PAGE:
Can’t decide? Tactics for making decisions


Help making decisions
Got a decision to make but can’t see the wood from the trees? Use this list to help you focus. 

1.List the pros and cons

Take a piece of paper, divide it in two and write down the advantages and disadvantages of your decision. Then work your way through each of your points and think about how important each one is to you. What seems the best choice on balance?

2. Look ahead

Say you’re choosing your GCSE options and are trying to decide between art and German. Where could either choice lead? Does one choice reduce, maintain or increase the options open to you further down the line?

3. Start at the end and work backwards

This only really works if you know what where you want to go. So if you have a job in mind, what training or qualifications will you need? If you need a degree, what A-level subjects will you need to get a place on a university course, and in turn will you need any set GCSE subjects to take your chosen A-levels?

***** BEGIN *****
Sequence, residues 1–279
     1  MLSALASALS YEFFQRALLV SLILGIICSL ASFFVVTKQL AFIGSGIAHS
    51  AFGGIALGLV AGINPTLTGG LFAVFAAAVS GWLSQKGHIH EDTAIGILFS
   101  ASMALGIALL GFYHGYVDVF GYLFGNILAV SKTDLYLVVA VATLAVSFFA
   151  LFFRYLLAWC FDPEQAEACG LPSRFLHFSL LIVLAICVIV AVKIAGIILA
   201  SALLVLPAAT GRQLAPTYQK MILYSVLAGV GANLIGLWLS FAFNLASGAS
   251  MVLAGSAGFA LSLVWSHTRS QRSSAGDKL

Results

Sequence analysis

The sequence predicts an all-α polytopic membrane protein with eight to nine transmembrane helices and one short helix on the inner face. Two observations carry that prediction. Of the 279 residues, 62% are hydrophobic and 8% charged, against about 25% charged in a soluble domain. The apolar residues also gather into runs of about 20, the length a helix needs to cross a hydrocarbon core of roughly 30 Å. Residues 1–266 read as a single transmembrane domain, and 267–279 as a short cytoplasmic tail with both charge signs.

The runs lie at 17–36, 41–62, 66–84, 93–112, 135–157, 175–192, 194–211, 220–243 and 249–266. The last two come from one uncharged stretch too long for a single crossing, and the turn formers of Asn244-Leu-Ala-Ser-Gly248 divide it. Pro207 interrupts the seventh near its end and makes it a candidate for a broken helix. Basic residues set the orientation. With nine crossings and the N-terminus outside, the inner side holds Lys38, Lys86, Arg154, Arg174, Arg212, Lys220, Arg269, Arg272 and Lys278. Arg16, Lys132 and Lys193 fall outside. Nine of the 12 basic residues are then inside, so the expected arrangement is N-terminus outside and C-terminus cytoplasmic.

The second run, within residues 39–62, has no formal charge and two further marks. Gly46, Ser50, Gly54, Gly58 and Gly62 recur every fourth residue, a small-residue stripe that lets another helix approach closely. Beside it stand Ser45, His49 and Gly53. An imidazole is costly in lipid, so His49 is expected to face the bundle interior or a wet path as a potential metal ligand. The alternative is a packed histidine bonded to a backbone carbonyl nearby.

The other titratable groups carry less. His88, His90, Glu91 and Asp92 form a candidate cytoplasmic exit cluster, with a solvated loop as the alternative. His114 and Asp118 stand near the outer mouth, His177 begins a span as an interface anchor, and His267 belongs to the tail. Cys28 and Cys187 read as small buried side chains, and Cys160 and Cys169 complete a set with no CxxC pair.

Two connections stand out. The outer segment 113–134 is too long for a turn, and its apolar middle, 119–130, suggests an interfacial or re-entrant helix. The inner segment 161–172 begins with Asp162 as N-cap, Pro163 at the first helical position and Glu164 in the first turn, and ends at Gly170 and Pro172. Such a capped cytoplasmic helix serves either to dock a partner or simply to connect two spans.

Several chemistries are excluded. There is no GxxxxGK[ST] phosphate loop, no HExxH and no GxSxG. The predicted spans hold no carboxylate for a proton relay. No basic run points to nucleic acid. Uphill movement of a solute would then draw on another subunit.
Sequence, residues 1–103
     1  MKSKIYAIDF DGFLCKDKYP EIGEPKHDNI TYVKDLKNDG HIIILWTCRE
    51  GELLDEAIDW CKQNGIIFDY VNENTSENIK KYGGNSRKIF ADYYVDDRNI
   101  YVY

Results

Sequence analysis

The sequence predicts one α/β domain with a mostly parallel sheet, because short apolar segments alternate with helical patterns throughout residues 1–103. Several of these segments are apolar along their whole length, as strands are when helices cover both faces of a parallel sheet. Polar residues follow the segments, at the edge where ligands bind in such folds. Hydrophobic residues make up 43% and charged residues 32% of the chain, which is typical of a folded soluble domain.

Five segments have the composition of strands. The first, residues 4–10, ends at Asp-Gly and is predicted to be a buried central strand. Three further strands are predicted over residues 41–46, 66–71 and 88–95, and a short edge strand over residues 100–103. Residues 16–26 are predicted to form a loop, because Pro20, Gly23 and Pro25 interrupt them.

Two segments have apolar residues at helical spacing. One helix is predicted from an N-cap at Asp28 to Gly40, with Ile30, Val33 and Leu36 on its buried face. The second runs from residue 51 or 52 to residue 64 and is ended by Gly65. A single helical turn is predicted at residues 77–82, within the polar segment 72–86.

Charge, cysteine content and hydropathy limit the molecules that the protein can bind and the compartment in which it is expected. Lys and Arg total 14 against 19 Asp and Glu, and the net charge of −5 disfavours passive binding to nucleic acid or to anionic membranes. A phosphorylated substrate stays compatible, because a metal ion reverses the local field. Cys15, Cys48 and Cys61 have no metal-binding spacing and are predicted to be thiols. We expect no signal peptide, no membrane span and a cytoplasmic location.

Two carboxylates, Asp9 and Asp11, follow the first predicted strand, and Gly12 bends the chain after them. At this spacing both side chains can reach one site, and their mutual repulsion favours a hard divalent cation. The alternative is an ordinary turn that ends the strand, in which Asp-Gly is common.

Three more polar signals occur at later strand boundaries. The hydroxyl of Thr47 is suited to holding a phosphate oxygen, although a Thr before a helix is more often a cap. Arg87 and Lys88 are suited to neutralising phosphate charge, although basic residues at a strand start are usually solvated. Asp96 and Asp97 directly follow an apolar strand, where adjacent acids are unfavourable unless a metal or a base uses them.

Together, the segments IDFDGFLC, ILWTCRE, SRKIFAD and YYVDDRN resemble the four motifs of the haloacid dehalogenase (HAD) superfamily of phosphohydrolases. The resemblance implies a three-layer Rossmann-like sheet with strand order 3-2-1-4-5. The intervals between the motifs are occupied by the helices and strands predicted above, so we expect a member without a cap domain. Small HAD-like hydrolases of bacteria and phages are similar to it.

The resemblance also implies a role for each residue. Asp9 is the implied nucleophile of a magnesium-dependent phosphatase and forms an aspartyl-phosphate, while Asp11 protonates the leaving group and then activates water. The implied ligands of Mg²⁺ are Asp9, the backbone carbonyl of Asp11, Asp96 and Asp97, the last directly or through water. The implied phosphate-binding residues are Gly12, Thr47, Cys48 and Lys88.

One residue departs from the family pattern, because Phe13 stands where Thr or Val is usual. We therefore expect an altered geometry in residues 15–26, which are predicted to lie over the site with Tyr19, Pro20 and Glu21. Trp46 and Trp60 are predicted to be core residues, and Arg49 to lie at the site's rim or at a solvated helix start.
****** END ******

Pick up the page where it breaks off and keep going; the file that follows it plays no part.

4. Consider effort v. results

How much time and energy will you have to put into each option and what is the likely result?  Back to art or German – if you’re naturally good at art you may get a good grade without much effort, but if you’re not so gifted at German, you’ll have to put in a lot more work to get the same grade.

5. Rate your options

This is a way to compare the value you place against each option. Say you’re choosing a sixth-form college, you could set measures such as course content, college facilities and journey time and score colleges out of five for each measure. You can also create an overall score for each option but bear in mind that some measures may be more important to you than others (if you want to get technical, you can always give a double score to any measure you think is more important).

6. Consider the mix

Try not to think about your choice purely in terms of A or B (yes it’s art or German again), but think about what else is going on (such as your other GCSEs). Which option is a good fit or welcome break from your other choices?

7. Remove extremes

List out all your options and strike off those at the top and bottom such as the best and worst; most and least expensive; nearest and furthest. What are you left with?

See more on making decisions

Choosing well: how to pick the right path for you

Choosing your GCSE options

Choosing A-level subjects: five points to consider